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A.hakeifolia is a medium, much-branched upright shrub reaching about 10Ft in height. The leaves are dark green, glabrous, comprised of very narrow linear segments. The individual lobes make the foliage 'needle-like'. The plant produces an abundance of blooms each season. There are mauve, yellow and pink forms. Like its relative, Hibiscus, the individual flowers last only 1-2 days but new flowers continue to open over a long period, generally from November until March. The blooms are 2" to 6" long, tubular in shape, not opening widely and they usually have a dark red central spot. As A.hakeifolia is a desert plant, it is well suited to a warm, dry climate. It is intolerant of bad drainage but is adaptable and sufficiently hardy in cool moist climates such as south-eastern Australia. It is less hardy than Alyogyne huegelii in climates such as the subtropics with wet summers. A well-drained sunny spot is ideal although plants will grow in semi-shade. Plants perform best when they receive sunlight for most of the day and have some wind protection as large plants are subject to wind damage. The plant may develop into a well-shaped shrub without any need for pruning but it can be pruned to improve the shape if desired. A.hakeifolia tolerates mild frosts but some protection may be required from heavier frosts. Propagation from seed is relatively easy and no special pretreatment is needed. Cuttings also strike readily.
The large clusters of scented, trumpet-shaped pink or white flowers are carried on a long purplish-red and green stem appearing 50cm above the soil. Up to twelve flowers are produced from the flowering stem. These flowers are 10cm long and apically flare open about 8cm. The inflorescence tends to face the direction that receives the most sun.
The strap-like leaves are deciduous and are produced after flowering.
Amorphophallus atroviridis is a smaller growing Amorphophallus. This plant has nice size white/ pink inflorescence, some have shown to have more pink than others. The foliage is a dark green color with a pink rim around the edge.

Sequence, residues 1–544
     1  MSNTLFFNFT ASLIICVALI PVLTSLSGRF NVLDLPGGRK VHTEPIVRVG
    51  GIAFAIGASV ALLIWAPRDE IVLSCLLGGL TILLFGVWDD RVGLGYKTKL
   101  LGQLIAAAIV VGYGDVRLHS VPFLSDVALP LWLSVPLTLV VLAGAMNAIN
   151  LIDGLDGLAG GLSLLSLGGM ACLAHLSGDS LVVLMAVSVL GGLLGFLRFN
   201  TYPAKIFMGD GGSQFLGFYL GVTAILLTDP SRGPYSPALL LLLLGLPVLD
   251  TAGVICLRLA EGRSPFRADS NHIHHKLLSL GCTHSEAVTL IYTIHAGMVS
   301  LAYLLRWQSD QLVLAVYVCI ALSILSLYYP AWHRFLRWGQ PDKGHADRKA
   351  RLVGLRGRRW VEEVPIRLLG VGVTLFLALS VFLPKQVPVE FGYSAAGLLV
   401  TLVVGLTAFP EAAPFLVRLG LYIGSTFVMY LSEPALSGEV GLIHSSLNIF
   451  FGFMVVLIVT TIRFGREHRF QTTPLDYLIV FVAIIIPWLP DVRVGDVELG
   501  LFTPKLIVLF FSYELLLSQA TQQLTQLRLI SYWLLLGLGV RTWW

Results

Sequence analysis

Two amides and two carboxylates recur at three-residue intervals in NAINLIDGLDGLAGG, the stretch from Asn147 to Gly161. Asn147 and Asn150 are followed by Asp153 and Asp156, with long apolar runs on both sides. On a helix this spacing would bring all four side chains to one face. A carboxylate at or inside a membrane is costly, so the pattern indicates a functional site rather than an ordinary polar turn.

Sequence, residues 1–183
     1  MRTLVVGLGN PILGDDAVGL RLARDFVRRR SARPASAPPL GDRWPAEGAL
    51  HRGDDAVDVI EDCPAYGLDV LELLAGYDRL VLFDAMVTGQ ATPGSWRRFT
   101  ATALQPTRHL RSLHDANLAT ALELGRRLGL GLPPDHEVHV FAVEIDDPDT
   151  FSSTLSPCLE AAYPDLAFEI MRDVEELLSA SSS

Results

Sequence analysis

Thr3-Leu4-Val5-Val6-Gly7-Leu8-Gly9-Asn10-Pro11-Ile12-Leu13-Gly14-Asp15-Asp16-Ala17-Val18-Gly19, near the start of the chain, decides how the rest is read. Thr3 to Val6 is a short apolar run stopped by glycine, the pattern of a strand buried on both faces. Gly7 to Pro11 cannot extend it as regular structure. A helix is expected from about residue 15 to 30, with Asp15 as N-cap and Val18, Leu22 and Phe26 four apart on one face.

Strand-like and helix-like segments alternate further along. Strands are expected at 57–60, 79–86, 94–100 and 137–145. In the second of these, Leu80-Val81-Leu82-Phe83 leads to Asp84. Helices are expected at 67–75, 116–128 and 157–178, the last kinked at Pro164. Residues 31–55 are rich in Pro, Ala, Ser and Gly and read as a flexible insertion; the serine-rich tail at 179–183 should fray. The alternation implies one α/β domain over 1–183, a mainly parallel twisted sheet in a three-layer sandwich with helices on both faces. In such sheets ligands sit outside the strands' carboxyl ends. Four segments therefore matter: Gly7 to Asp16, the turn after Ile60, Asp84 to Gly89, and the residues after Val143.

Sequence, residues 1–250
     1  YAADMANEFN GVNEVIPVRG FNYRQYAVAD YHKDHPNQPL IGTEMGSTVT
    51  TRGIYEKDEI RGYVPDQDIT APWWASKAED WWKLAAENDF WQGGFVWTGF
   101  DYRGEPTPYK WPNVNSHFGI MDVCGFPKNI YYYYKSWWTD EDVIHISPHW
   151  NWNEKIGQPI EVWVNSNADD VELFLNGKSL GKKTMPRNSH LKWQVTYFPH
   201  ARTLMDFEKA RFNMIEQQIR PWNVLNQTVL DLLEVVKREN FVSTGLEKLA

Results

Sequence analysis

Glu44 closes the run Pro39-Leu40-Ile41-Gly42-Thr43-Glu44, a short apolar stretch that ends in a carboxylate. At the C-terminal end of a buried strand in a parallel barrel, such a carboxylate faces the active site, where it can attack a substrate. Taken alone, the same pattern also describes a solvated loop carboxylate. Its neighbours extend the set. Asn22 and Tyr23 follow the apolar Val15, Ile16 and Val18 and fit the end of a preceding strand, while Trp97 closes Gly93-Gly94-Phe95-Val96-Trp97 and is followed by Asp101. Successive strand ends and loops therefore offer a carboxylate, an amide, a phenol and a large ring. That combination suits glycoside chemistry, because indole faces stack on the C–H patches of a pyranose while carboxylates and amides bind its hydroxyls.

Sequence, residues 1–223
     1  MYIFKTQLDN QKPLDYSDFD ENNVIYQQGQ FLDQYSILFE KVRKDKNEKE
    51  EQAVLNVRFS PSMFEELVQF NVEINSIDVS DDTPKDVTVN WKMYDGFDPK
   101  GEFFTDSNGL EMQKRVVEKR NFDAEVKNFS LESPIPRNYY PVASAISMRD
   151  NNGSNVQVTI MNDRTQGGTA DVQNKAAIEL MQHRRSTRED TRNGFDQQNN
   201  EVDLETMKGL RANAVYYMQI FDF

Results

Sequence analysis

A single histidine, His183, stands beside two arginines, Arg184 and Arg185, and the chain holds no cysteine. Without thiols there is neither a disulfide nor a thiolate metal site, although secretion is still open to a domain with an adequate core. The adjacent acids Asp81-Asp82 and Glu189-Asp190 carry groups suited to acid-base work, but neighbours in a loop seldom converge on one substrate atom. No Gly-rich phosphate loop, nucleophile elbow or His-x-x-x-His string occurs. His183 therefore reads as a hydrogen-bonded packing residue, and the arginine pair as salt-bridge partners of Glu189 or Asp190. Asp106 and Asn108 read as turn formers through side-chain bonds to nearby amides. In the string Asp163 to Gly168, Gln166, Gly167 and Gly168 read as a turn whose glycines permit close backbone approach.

Amorphophallus bulbifer is one of the prettiest of the Voodoo Lilies and the inflorescence doesn't smell that bad compared to others of the genus. Amorphophallus only blooms when mature and even so it doesn't bloom every year. The unpleasant smell that the flower omits is only present for a few hours after the flower opens. If the flower is pollinated (normally by flies if the plant is outside) it will take 1 year for the plant to mature its seeds. The seed stalk is very pretty with the seeds changing colors from green to red. During this time the tuber will not produce a leaf.
Amorphophallus species are herbs with an underground storage organ. This is usually a tuber. One single leaf emerges from the tuber, consisting of a vertical petiole (stalk) and a horizontal leaf-blade. The latter is dissected into few or numerous small leaflets. Once plants are mature an inflorescence may develop. The inflorescence may replace the leaf in one season, or develop alongside it. From winter dormant tubers emerge an umbrella like plant with beautiful speckled stems. Large flowers will emerge from mature plants in the spring. When the spathe opens the female flowers are receptive and must be pollinated that same day. The opening inflorescence emits an attractant scent. In Amorphophallus this scent has diversified considerably. In most species the scent is anything but pleasant, and reminds one of varieties of death, decay, sewage, gas and the like. A few species develop a scent that is actually pleasant to the human nose (e.g. carrot-like, anise, chocolate, fruity, lemon). After successful pollination most parts of the spathe wither and drop off, after which the individual female flowers develop into berries, containing the seeds. These berries are usually red or orange-red, but occasionally blue, white, or yellow-and- white. Amorphophallus thrives in a rich loamy soil in partial shade. Compost should consist of 2 parts loam to 1 part peat moss to 1 part sand. Keep the plant evenly moist all through the growing season. Keep dry during dormancy, keep moist during growing period. Fertilize monthly with a houseplant fertilizer. Water should be gradually withheld starting in October until the leaf withers. Store corms at a temperature above 50 degrees. They can be brought into active growth in late March. If the corms are strong enough, a blossom will soon be produced. The leaf follows soon afterwards. A. bulbifer definitely dislikes low humidity - the leaflets may partially desiccate; this seems to be more pronounced in low light. Also, in low light, the leafes become exceptionally dark green, with nicely contrasting pink margins. Such plants have to be moved to brighter light very gradually. In bright light, the leaves are bright green, with pinkish margins less pronounced. Other species: konjac, titanum, and much more...
Amorphophallus konjac is one of the largest flowers, a perennial exotic Asian plant. It grows a single, elongated center called a corm and a single large leaf that wraps around it. The corm is the part of the plant that is used, as well as its tuber, which is commonly called the konnyaku potato. Amorphophallus konjac acts as a diet aid that has many benefits. Its ability to swell when mixed with water allows it to fill the stomach. It also moves through the digestive system very slowly, making the appetite feel satisfied for a longer period of time. This characteristic of Amorphophallus konjac is beneficial in treating obesity. It is one of the most exotic, bizarre flowers. Can be easily grown in a pot as a house plant. The single leaf dormant in winter, then in spring the plant shoots out a fantastic flower.